Grief and Sentencing in India

griefWhen the news was announced yesterday that four men in India would be hanged for the brutal rape of a young woman there were intense responses from all over the world. But far too many of them – because even one would be too many – were cheering for the capital sentence these young men received.

I am not writing against a death penalty for these men. Indeed, I am highly conflicted on the matter and don’t feel like I have an answer to that question. Can these men be taught, coaxed, into to being gentle, caring members of society? If that’s too high a bar, can they be even brought to a place where they don’t harm others? I couldn’t say. Rehabilitation is not my area of psychology. But it clearly isn’t the prison system’s area of expertise either, at least here in the US. I don’t have much faith that the Indian prison system would be much better, so I just don’t have an answer on the question of what to do with them. It seems unlikely that they will actually be executed in any event.

I am writing because the degree of pain involved in this case – and in so many cases that go unpublicised, untried – is so extreme that there is not a “right” answer. Given the graphic and physical and invasive nature of the pain she suffered, there is nothing that can be done to right these wrongs. There is nothing that can be done to these men that will alleviate the pain of this woman. The grief that I feel for her is overwhelming.

At the same time, I also hold an overwhelming grief for the men. What level of disconnection, what level of pain, must a human being be in so that they are able to inflict such damage on another? They clearly suffer too, although they lash out in their suffering and harm others – because surely she was not the only one. We cannot right their wrong by killing them, but maybe that’s the only response available to us in our limited human capacities.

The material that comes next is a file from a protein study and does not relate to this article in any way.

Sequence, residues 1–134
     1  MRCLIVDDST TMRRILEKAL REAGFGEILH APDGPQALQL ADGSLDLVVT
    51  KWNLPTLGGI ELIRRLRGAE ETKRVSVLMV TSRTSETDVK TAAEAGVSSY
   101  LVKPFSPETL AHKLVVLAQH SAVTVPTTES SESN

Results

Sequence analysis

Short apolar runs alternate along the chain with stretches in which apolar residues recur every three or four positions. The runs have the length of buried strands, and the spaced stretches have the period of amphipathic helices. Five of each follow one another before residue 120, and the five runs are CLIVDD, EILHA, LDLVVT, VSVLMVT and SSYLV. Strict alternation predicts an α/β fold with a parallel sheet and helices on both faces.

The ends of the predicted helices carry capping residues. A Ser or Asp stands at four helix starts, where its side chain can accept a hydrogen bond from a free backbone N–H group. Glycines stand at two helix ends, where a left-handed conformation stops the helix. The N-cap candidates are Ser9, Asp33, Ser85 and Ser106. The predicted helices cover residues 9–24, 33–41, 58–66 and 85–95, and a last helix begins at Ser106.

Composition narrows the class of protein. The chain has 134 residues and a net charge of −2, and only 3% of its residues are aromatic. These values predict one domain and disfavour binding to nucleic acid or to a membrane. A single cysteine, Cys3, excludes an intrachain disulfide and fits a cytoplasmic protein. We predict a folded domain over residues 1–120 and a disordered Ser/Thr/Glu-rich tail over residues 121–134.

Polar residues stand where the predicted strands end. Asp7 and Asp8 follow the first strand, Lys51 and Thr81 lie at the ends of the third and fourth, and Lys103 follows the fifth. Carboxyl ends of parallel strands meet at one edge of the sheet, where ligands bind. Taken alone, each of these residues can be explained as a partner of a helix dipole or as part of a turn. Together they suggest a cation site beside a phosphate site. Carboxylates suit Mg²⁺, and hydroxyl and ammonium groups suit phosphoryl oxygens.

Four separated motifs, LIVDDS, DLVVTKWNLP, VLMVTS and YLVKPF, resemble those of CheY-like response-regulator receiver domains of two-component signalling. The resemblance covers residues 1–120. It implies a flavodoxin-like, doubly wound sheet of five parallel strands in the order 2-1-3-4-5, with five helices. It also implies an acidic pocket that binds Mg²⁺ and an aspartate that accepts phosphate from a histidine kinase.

Our world does not naturally breed connection, compassion, and relationships among its inhabitants. This case is a clear example of that dramatic and painful lacking. So regardless of the outcome, there is nothing worth cheering for here.  And I grieve for all of the victims of violence, for all of the perpetrators of violence, for the entire world.

I am reminded of the deep sense of grief and sadness in this poem by Thich Nhat Hanh (thank you for the recent reminder of it, Ruth).

In My Two Hands

I hold my face
in my two hands
No I am not crying
I hold my face in my two hands
to keep my loneliness warm
to cradle my hunger
shelter my heart
from the rain and the thunder
Two hands protecting
Two hands nourishing
Two hands preventing
my soul from flying
in anger.

I hold my face
in my two hands
My hands cupped
to catch what might fall
from within me
Deeper than crying
no, I am not crying
I am in my two hands.

About Karen Rayne

Dr. Karen Rayne has been supporting parents and families since 2007 when she received her PhD in Educational Psychology. A specialist in child wellbeing, Dr. Rayne has spent much of her career supporting parents, teachers, and other adults who care for children and teenagers.